among us - friends, relatives, colleagues, and other "respectable" people - whose small, personal drug purchases at
the base of the consumption pyramid are the driving force behind the traffickers' assault on this country. It is the
consumer's dollars that come together to finance the organized crime drug trafficking described in this report, and it
is thus their responsibility and ours to confront this truth. This means an end to tolerance of drug use at every level
of society.

While all drug trafficking, by its nature, requires some degree of organization, it is essential for the purposes of this
report to identify the threshold at which the organization inherent in drug trafficking can be distinguished from
organized crime drug trafficking. The Commission's definition of organized crime, which sets out the six
characteristics of organized crime groups, is helpful in making this distinction. These characteristics are: continuity,
structure, defined membership, criminality, violence, and power as its goal. These elements, together with a reliance
on the "buffer" that this Commission has found to be an integral part of organized crime, are common to the world's
most notorious trafficking organizations.

This report examines the organized crime groups that traffic in illicit drugs. To the extent necessary to grasp the
dynamics of worldwide drug traffic, it also details the nature of the drugs themselves. It describes the array of
enforcement agencies currently in place, analyzes their various strategies and tactics, and presents specific
recommendations for more effective anti-drug efforts.

In the portion of this report devoted to efforts to reduce the supply of illicit drugs, "Supply Strategies," it is clear that
our law enforcement and other government agencies, particularly on the Federal level, are deployed with a degree of
determination, imagination, and resource commitment unparalleled in American history. This government must
continue to pursue strategies to reduce supply with all possible vigor, or it is the government's obligation to do all
within its power to protect its citizens, no matter how formidable the foe. Nevertheless, if the demand for illicit
drugs continues at its present voracious level, improvements in the area of reducing supply will continue to be slow,
expensive, infrequent, and too often only temporary.
This report places great emphasis on the need for complete national resolve in this area and for that resolve to be
translated into fully coordinated governmental action. Compartmentalization and parochialism, which have been far
too common in past efforts, must be brought to an end. In this regard, we are at a particularly propitious moment in
history. The slow and painful evolution of our strategy has finally achieved a centralized authority for our national
effort: the National Drug Enforcement Policy Board. Not just another advisory body, this Board is a true
congregation of every component of our national government's anti-drug effort. It provides the means for achieving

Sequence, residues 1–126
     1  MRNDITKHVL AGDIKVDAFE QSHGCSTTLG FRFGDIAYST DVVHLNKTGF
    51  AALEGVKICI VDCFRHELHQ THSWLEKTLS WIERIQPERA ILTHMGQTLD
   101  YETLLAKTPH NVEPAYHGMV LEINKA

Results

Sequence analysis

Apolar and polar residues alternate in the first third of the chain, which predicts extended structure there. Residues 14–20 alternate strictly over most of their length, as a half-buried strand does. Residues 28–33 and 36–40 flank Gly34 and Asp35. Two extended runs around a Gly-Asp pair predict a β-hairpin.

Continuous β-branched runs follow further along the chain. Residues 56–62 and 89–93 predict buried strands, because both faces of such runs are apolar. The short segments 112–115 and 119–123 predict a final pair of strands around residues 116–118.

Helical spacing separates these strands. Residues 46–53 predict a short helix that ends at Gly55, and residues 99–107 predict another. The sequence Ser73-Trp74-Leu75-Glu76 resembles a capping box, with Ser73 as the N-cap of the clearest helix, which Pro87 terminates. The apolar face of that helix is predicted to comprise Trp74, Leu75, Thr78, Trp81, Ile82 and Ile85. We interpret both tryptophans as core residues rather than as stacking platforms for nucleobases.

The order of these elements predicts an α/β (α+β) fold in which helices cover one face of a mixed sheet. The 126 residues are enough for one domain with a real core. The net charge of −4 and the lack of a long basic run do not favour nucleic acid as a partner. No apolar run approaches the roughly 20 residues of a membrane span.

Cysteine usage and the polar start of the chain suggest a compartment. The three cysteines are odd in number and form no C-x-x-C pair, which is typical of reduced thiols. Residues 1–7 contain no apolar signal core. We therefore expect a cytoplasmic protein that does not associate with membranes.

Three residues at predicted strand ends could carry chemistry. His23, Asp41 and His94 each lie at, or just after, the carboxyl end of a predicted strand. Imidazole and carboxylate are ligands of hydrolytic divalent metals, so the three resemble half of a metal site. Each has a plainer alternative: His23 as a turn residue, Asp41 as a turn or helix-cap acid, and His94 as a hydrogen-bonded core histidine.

a thoroughly coordinated national attack on every aspect of drug trafficking and abuse. It is vital that the Policy
Board move effectively, thoughtfully and decisively, but it is most urgent that it move. Indecisiveness are signals in
themselves, the wrong signals, to drug traffickers, users, concerned parents, health and social planners, and even
foreign governments. Perhaps most critically, indecisiveness and delay are the wrong signals to those U.S.
governmental agencies that must choose where anti-drug efforts will fall on the list of competing priorities in a time
of hardening fiscal austerity. By action, not mere promises, the Policy Board must send the proper message: we are
in a fight for our lives, and every agency must arrange its priorities accordingly.

Our strategies to reduce supply will require not only dedication, but patience and objectivity. The war against drugs
will not be won until individuals stop using them. Strategies to reduce supply can do no more than hold the line
against illegal drugs while public attitudes and private choices change. That is not to say that our enforcement
strategies should not be aggressive and persistent. On the contrary, this report makes clear that there is much in this
area that is being done and should continue, and much more that might be done. Many of the specific
recommendations in this report are devoted to this theme. What is necessary at the outset, however, is an
understanding that such efforts must not be judged by an unrealistic standard. As long as this society is willing to
provide its enforcement agencies scarcely more than a penny for every dollar our citizens squander on illicit drugs, it
has no right and no reason to expect more.

Ultimately, the curse of drug abuse will be broken, but only by a nationwide dedication to persistent and unyielding
assaults on both supply and demand. The supply is already under siege by our enforcement, diplomatic, and
intelligence communities. Because an end to consumption is our ultimate goal, it is a concerted and direct attack on
demand that must be mounted.

Illicit drugs are an attack upon the integrity, character, and health of the individual. Although discussions of drugs
are often framed in terms of costs to society and society's responses, the fact is that individuals, not societies, take
drugs. It is the individual user who finances all of the violence, corruption, and degradation that this report
describes. The powerful, sophisticated, and thoroughly evil organized crime drug trafficking groups described herein
are a reflection of nothing more than our self-destructiveness. It is as a result of individual acts of will that such
groups came to be and are sustained, and it is by individual acts of will that they will finally be defeated.